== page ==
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Grassroots Men and Children Speak Out - Women's Empowerment is Progress for All!

“COFAPRI is truly giving power to our wives, daughters, and our sisters and girls in our villages here. This helps them primarily, but it also helps us all with our families." - Bukanda Isaac, DR Congo.

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Wurrie-Kenda

Children's Education in Sierra Leone - Overcoming Challenges

Wurrie Kenda has grown up in Kroo Bay without any education. She is now at the Community School and is learning quickly. It is children like Wurrie that make WYCF's school such a special place....

Appeal

DRC-empowerment

Empowering Survivors in DR Congo

Help Safe World Field Partner, COFAPRI, to support rape survivors and their children in the mountain villages of Eastern DR Congo.

World News

Frederic Kazigwemo served time in jail for killing several people in 1994 | Photo: Benjamin Duerr/Al Jazeera

Rwanda genocide survivors back reconciliation

Mbyo is a Reconciliation Village, located one hour's drive from the capital of Kigali. Murderers and survivors of the Rwandan genocide, are neighbors. Attempting to rebuild the country.
Caroline Murphy

UK Heiress walks away from fortune after rift over her plans to turn firm into a co-operative

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I have been vocal in my belief that leadership of this business must include those working on the ground if it is to continue to deliver for the clients who have placed their trust in us over the years.
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International Women's Media Foundation: 'Protect Confidentiality of Sources'

IWMF (International Women's Media Foundation) urges the Supreme Court to recognize journalists' protection against compelled disclosure of confidential sources...
Pari Gul

The Afghan policewomen taking on the Taliban

The tiny but growing number of policewomen in Afghanistan not only risk death in the line of duty, they also face personal attack from extremists, and bigotry within the ranks

Field Partner News

Shalom-education

Starting Young - Teaching Children's Rights in Tanzania

We promote Child Rights Clubs in schools, covering issues such as child marriage, FGM, domestic violence, disabilities, street children.... Last year, 7000 children participated...

Alliance News

fly-sister-fly

Partnering for advocacy in rural Kenya

Pastoralist Child Foundation and the Fly Sister Fly Foundation partnered for an advocacy campaign in Samburu County. They held interactive sessions on early marriages, FGM/C, and challenges girls face in the pastoral nomadic community.

Denying girls school entrenches poverty: report

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Denying girls school entrenches poverty says report

Source: AFP/Dawn.com

Millions of girls worldwide are not going to school, an education gap that condemns them to lives of hardship and entrenches broader extreme poverty, a new report said Thursday.

The report, “Because I am a Girl: The State of the World’s Girls 2012,” was released in New York by Plan International on the United Nation’s first International Day of the Girl.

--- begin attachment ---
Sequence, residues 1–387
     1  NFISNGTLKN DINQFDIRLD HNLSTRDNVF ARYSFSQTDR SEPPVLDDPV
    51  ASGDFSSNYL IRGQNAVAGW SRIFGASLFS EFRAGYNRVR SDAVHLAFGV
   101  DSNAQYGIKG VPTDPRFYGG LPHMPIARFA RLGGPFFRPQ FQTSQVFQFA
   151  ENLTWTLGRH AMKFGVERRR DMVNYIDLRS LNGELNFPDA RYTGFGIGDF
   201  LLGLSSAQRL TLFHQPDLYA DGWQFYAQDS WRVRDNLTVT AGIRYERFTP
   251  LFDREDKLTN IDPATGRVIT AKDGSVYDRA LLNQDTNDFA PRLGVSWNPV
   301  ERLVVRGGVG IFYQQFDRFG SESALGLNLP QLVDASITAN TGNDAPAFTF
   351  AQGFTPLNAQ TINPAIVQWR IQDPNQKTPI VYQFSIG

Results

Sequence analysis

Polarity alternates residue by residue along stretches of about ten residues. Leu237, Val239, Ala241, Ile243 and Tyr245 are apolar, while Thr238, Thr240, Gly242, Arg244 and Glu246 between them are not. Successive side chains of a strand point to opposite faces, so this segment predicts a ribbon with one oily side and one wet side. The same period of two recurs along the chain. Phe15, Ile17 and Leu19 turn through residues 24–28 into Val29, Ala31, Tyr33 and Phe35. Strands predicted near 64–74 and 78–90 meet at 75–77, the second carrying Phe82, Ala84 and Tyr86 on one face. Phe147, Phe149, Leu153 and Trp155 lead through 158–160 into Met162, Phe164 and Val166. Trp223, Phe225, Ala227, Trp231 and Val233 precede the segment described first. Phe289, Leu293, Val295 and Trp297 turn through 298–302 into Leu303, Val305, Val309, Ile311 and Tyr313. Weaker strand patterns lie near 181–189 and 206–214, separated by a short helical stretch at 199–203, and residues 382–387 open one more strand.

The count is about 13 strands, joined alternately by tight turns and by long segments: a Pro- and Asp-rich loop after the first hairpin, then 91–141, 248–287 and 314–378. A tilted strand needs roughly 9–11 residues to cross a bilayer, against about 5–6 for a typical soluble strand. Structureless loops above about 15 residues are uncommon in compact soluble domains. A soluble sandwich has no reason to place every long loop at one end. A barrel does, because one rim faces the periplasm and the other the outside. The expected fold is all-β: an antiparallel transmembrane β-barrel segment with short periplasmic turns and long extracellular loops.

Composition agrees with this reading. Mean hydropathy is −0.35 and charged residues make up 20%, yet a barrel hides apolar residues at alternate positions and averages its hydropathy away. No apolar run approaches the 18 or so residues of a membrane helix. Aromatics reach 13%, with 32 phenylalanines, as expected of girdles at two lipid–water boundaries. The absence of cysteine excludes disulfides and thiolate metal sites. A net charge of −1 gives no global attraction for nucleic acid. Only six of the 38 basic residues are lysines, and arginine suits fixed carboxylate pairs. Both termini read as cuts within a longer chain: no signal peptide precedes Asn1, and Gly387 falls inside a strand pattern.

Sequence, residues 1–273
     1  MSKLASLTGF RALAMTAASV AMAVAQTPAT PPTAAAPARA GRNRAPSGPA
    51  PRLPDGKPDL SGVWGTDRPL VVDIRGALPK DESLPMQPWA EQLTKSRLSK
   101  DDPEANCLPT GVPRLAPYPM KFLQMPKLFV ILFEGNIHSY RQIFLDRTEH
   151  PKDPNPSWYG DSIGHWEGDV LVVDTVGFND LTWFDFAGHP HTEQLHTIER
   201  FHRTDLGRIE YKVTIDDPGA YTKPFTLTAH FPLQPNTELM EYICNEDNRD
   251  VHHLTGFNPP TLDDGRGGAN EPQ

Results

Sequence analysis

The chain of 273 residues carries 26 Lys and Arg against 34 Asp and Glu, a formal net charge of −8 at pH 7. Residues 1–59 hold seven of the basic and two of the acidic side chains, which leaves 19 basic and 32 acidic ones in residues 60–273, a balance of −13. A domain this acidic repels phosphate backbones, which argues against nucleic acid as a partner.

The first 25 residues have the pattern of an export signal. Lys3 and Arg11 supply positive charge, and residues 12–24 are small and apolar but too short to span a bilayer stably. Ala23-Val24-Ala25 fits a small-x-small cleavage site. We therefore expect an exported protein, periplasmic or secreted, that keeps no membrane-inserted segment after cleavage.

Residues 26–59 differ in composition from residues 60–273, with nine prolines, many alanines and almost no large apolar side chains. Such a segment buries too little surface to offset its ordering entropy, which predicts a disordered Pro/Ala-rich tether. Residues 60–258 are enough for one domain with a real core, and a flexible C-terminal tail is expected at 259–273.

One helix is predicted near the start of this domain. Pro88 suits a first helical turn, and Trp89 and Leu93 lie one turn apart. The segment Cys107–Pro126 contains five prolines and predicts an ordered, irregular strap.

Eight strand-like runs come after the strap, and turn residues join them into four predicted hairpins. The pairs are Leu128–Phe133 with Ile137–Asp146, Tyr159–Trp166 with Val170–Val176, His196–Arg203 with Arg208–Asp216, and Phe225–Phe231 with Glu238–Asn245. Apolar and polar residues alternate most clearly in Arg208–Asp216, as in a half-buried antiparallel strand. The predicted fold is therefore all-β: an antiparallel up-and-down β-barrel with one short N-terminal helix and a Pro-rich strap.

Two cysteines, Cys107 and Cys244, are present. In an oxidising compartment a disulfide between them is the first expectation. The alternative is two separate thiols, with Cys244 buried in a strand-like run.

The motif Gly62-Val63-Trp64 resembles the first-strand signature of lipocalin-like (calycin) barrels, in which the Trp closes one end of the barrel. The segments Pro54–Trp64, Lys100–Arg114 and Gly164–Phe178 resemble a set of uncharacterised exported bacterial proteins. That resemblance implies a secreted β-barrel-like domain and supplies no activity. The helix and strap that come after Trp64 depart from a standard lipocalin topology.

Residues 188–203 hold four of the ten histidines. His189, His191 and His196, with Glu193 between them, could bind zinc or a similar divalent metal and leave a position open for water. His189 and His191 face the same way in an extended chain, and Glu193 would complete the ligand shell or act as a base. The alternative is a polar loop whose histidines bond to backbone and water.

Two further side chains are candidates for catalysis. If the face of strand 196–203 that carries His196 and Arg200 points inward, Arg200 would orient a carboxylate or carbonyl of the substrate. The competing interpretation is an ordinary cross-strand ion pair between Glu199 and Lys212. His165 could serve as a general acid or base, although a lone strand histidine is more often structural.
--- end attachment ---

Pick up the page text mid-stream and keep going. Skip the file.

“The estimated 75 million girls missing from classrooms across the world is a major violation of rights and a huge waste of young potential,” the child poverty alleviation group said in launching the report.

A total of one in three girls is denied education, but Plan’s report focuses especially on the 39 million girls aged between 11 and 15, right on the cusp of becoming young women, who are out of school.

The report, which coincided with the news this week of a 14-year-old Pakistani girl gunned down for her criticism of Taliban campaigns against girl’s education, underlined the hugely positive impact that school can have on girls in poor countries.

“An educated girl is less vulnerable to violence, less likely to marry and have children when still a child herself, and more likely to be literate and healthy into adulthood, as are her own children,” Plan International CEO Nigel Chapman said.

“Her earning power is increased and she is more likely to invest her income for the benefit of her family, community and country. It is not an exaggeration to say educating girls can save lives and transform futures.”

Plan called on global leaders to ensure a minimum of nine years’ schooling for all children, giving them a better chance to enter secondary education.

But special priority should be given to girls, the humanitarian organization said, with greater funding and programs to stop child marriage and violence in schools, two main reasons for the current dropout rate among girls.

In many cases, poor families pull daughters from school out of fear for their health or safety.

In Ghana, 83 per cent of parents interviewed for the report said the risks of pregnancy were a disadvantage of school.

The report said that in Togo, 16 per cent of children interviewed named a teacher responsible for a classmate’s pregnancy. That figure was 15 per cent in Mali and 11 per cent in Senegal.

In Ghana, 75 per cent of children said teachers were the main source of school violence.

The opposite trend is also true, with school attendance leading to an ever-widening series of benefits.

“If adolescent girls stay in school and obtain real skills, research shows that they will earn more income in the future, marry later, and have fewer and healthier children,” Plan said. “In the longer term, secondary education protects girls against HIV and AIDS, sexual harassment and human trafficking.”

As the report came out, Pakistani teen Malala Yousafzai was fighting for her life after being shot in the head in broad daylight on a school bus.

Her struggle resonated with tens of thousands of girls denied an education by militants across northwest Pakistan, where the government has been fighting local Taliban since 2007.